Should the Government do more to close the pay gap?
Minister of Women's Affairs Hekia Parata says the Government is committed to reducing the gender pay gap, but has no plans to match a multi-billion dollar pledge from Australia.
The Public Service Association wants the Government to match the Australian prime minister Julia Gillard's promise to invest A$2 billion ($2.63 billion) into raising wages.
The plan would see pay rises for 150,000 Australian community service workers, 80 per cent of whom are women, over the next six years.
The deal would give the workers an average pay rise of $15,800 but still has to be approved by Australia's national workplace relations tribunal, Fairwork Australia.
Gillard said Australian women earned on average a fifth less than men which means they worked "nearly seven weeks every year for free".
In New Zealand it is estimated men earn on average 12 per cent more than women.
PSA national secretary Brenda Pilott says National came into office in 2008 after campaigning to close the wage gap with Australia.
"If it's truly committed to that goal it will follow Julia Gillard's example.
"If the new National-led Government were to implement a similar pledge here, not only would it be addressing the pay disparity between men and women, it would also be taking action on the widening gap with our neighbour across the Tasman."
Parata said the gender pay gap was currently at 9.6 per cent, the lowest ever, she said.
"This is a challenging economic climate and our priorities are to provide better public services to New Zealanders, while reducing debt and building a faster growing economy."
The Government had worked hard with the accounting sector to encourage flexible work practices which are good for business.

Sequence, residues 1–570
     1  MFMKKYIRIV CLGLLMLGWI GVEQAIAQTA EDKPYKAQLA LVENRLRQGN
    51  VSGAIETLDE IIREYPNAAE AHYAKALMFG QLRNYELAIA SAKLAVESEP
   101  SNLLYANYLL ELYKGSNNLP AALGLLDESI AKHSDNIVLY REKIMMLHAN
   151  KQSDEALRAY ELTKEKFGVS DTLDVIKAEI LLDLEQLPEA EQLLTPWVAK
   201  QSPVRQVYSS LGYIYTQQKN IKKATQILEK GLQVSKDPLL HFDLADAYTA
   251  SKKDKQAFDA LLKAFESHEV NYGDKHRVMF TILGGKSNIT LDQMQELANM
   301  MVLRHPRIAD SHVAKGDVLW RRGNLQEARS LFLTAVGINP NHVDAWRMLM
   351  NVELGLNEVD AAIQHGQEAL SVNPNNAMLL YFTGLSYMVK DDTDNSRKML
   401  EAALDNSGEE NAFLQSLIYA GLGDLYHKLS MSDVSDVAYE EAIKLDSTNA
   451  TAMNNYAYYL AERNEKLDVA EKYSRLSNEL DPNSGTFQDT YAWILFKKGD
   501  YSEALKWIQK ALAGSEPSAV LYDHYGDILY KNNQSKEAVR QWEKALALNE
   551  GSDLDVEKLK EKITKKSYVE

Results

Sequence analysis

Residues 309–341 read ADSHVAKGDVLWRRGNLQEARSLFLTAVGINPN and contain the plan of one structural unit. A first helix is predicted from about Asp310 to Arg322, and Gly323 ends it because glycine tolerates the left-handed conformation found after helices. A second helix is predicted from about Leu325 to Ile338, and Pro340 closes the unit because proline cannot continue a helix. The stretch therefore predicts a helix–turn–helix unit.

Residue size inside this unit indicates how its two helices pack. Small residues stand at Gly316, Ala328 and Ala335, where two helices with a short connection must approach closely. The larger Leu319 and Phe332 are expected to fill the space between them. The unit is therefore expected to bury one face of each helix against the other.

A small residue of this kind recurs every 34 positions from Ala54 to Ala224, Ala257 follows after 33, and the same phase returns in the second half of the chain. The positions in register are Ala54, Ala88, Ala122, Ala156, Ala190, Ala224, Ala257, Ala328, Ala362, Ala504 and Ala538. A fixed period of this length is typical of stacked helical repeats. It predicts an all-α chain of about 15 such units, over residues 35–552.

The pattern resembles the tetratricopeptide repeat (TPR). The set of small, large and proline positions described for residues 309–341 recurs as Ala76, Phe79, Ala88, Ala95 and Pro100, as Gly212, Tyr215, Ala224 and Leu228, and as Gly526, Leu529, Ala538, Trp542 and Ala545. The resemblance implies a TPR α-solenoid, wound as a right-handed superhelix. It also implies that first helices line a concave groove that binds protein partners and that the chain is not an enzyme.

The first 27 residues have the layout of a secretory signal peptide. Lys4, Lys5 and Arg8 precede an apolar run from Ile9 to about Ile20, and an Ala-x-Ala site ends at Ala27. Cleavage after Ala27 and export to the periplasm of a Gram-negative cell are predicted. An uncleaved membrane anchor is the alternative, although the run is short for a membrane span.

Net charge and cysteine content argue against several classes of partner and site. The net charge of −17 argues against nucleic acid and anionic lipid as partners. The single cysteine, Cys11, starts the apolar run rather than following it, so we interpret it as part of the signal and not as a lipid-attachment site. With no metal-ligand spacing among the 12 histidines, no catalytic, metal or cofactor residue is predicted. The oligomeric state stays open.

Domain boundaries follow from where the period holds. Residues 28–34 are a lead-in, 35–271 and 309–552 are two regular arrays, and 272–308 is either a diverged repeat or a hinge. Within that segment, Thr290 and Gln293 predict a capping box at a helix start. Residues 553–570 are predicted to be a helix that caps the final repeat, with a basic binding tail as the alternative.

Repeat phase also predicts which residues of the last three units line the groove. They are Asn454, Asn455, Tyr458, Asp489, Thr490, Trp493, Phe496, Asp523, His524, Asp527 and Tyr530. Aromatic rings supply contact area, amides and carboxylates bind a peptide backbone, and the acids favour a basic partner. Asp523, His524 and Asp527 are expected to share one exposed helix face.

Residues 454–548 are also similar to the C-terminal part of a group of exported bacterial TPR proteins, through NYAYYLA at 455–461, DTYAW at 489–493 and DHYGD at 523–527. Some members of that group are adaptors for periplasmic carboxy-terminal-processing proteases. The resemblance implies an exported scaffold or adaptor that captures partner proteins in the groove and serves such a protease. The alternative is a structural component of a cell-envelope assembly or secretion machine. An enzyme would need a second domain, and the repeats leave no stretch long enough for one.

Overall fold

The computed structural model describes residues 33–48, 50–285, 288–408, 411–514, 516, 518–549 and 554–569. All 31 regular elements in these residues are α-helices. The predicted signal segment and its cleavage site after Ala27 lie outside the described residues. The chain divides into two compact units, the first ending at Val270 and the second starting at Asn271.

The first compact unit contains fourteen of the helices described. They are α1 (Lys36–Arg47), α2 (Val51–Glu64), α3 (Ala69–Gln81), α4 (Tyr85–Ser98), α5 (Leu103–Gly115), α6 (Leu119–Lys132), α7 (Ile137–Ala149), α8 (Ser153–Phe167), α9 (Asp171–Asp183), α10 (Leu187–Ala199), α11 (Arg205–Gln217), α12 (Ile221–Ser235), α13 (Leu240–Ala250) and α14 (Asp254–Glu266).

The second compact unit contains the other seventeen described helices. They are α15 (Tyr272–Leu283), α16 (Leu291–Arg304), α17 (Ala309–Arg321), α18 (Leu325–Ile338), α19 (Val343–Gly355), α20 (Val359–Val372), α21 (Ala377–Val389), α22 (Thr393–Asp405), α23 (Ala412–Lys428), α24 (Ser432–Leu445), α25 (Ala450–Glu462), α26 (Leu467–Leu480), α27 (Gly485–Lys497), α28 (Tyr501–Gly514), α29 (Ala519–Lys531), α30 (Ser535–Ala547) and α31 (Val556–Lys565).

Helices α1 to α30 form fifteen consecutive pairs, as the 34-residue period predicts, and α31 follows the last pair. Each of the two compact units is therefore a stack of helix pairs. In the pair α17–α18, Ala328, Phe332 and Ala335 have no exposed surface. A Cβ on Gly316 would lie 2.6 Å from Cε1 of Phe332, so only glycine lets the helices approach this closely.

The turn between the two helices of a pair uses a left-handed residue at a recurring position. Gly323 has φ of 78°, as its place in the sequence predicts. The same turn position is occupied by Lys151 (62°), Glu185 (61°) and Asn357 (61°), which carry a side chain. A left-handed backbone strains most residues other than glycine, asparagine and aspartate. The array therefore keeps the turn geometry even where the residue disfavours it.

It had also set up trade networks in the main cities to help women get into male-dominated trades and launched an online tool to help women who want to serve on boards.
The NZX stock exchange was also proposing new rules requiring all publicly listed companies to declare how many women they have in senior roles and the New Zealand Institute of Directors had established a new mentoring scheme aimed at women.
"We are making progress but there is always more that can be done.
"Our Government is committed to growth and we recognise the contribution that women can make to that."
Nearly a third of government departments had gender pay gaps above 20 percent, the PSA claimed.
In the Ministry of Defence it was nearly 39 percent.
"These are shameful statistics given that 59 percent of New Zealand's public service workers are women."
Finance Minister Bill English boasted in April that New Zealand's low wages helped it compete with Australia, Pilott said.
"But this doesn't stand up to scrutiny.
"A recent report from (investment company) Goldman Sachs estimates that closing the pay gap between men and women in New Zealand would boost New Zealand's GDP by 10 percent."
The PSA call came as the Greens, who have called for action to be taken to close the pay gap, yesterday expressed its disappointment the number of female MPs in Parliament had reduced for the first time since the introduction of MMP in 1996.
MP Catherine Delahunty said National was behind the decrease.
"Over half of our MPs are now female, this is in stark contrast to National whose caucus only has 15 women out of 60 MPs." National only had three female MPs in its top 20 which showed it wasn't committed to gender representation, she said.
There are 38 female MPs in this term's intake, down from 41 in the 2008 intake.
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